‘Consistently improving’: Alabama breaks four more employment records
After shattering five economic records in June, Alabama Labor Secretary Fitzgerald Washington on Friday announced that the Yellowhammer State set four more new employment records in July.
This includes a historic record-low unemployment rate, with July’s preliminary, seasonally adjusted rate coming in at 3.3%. This beat the previous month’s rate of 3.5%, which at the time was the record.
July’s rate represents 2,171,721 employed people, another new record high, which was 11,244 more than June’s count and 57,413 more than in July 2018.
“I’m proud to see our unemployment rate decrease and continue to reach record lows,” Washington said in a statement.
“This month we also saw the number of people counted as unemployed fall to its lowest count ever,” he continued. “More people are joining the workforce, with the expectation that they will find work, and, for the most part, they are. But even as we celebrate these records, we know that there is still work to be done. We’re proving month after month that Alabama has good, quality jobs. We stand ready to assist anyone who’s ready to work.”
The number of people counted as unemployed also dropped to a new record low of 75,157, which represents a drop of 12,761 people year-over-year.
In a statement, Governor Kay Ivey lauded, “More than 57,000 Alabamians have jobs today that didn’t a year ago. That means that 57,000 more Alabamians have work and are contributing to their communities and our state.
“The effort we are making to bring jobs and employers to Alabama is working. We are consistently improving our workforce and preparing Alabama for the future,” the governor concluded.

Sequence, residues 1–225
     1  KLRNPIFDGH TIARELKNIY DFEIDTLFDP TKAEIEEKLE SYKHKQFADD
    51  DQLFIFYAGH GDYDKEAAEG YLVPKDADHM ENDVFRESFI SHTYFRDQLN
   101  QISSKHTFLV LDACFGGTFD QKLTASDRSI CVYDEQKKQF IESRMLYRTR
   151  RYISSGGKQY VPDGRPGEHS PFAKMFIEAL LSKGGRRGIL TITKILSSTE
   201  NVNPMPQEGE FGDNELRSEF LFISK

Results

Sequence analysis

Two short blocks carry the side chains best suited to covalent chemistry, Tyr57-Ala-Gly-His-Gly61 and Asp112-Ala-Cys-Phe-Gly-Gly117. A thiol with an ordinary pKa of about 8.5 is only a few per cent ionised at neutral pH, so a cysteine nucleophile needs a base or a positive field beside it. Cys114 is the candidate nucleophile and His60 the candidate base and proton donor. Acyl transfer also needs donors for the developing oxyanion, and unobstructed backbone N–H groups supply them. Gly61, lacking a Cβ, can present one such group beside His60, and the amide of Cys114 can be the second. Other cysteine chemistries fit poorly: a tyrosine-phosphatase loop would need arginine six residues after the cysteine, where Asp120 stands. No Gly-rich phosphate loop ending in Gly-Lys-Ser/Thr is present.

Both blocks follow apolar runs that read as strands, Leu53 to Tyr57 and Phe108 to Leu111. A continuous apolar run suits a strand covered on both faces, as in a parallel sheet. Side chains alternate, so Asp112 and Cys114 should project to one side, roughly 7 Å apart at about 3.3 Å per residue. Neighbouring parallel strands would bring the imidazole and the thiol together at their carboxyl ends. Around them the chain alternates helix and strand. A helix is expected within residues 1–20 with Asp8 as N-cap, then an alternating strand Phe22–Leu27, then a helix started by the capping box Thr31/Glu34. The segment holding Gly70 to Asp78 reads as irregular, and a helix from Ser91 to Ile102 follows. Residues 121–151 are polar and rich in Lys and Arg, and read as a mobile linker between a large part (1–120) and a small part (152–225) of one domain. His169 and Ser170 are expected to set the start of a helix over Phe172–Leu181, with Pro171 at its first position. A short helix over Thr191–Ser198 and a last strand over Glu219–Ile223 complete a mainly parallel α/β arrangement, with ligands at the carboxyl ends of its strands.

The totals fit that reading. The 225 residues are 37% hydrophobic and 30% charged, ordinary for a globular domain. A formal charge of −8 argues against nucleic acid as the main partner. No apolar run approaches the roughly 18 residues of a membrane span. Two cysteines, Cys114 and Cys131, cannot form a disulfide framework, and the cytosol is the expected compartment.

More than 57,000 Alabamians have jobs today that didn’t a year ago. That means that 57,000 more Alabamians have a job & are contributing to our state’s economy. We are on the right track! #alpolitics @al_labor https://t.co/2m8q9znDRL pic.twitter.com/qCWyJfnJ1L
— Governor Kay Ivey (@GovernorKayIvey) August 16, 2019
Additionally, the civilian labor force increased over the year by 44,652 to a record high of 2,246,878. The civilian labor force represents the number of people, aged 16 and over, who are either working or looking for work, excluding the military and those in institutions.
Alabama’s labor secretary explained that the state’s progress is often outpacing the national average.
“Our over-the-year job growth measured 2.0% this month, which outpaced the nation’s job growth by half of a percentage point. In fact, Alabama has matched or outpaced the national growth rate for six out of seven months in 2019,” Washington advised. “Alabama’s economy added over 40,000 more jobs in the last 12 months, with at least four sectors reaching record level employment highs.”
Over-the-year job growth measured 2.0% in July, compared to the national growth rate of 1.5%. The only month in 2019 in which Alabama did not match or outpace the national growth was January, when Alabama’s growth rate measured 1.8%, and the national rate was 2.0%.
Over-the-year, wage and salary employment increased 40,200, with gains in the professional and business services sector (+8,700); the leisure and hospitality sector (+7,700); and the education and health services sector (+5,000), among others.
Four sectors saw record-high levels of employment in July: transportation equipment manufacturing (66,600); motor vehicle manufacturing (14,100); leisure and hospitality (219,200); and computer systems design (26,300).
All 67 counties saw declines in their over-the-year unemployment rates, with drops ranging from more than half of a percentage point to more than three percentage points. In fact, 64 counties saw no increase or a decline in their over-the-month unemployment rates, as well. All 67 counties saw monthly decreases in May and June.
Counties with the lowest unemployment rates in July were Shelby County at 2.1%; Marshall County at 2.4%; and Elmore and Baldwin Counties at 2.5%.
Counties with the highest unemployment rates were Wilcox County at 7.5%, Greene County at 7.0% and Perry County at 6.7%.
Major cities with the lowest unemployment rates were Vestavia Hills at 1.7%; Homewood and Alabaster at 2.0%; and Hoover at 2.1%. Major cities with the highest unemployment rates were Selma at 7.3%, Prichard at 6.2% and Anniston at 4.6%.
Sean Ross is the editor of Yellowhammer News. You can follow him on Twitter @sean_yhn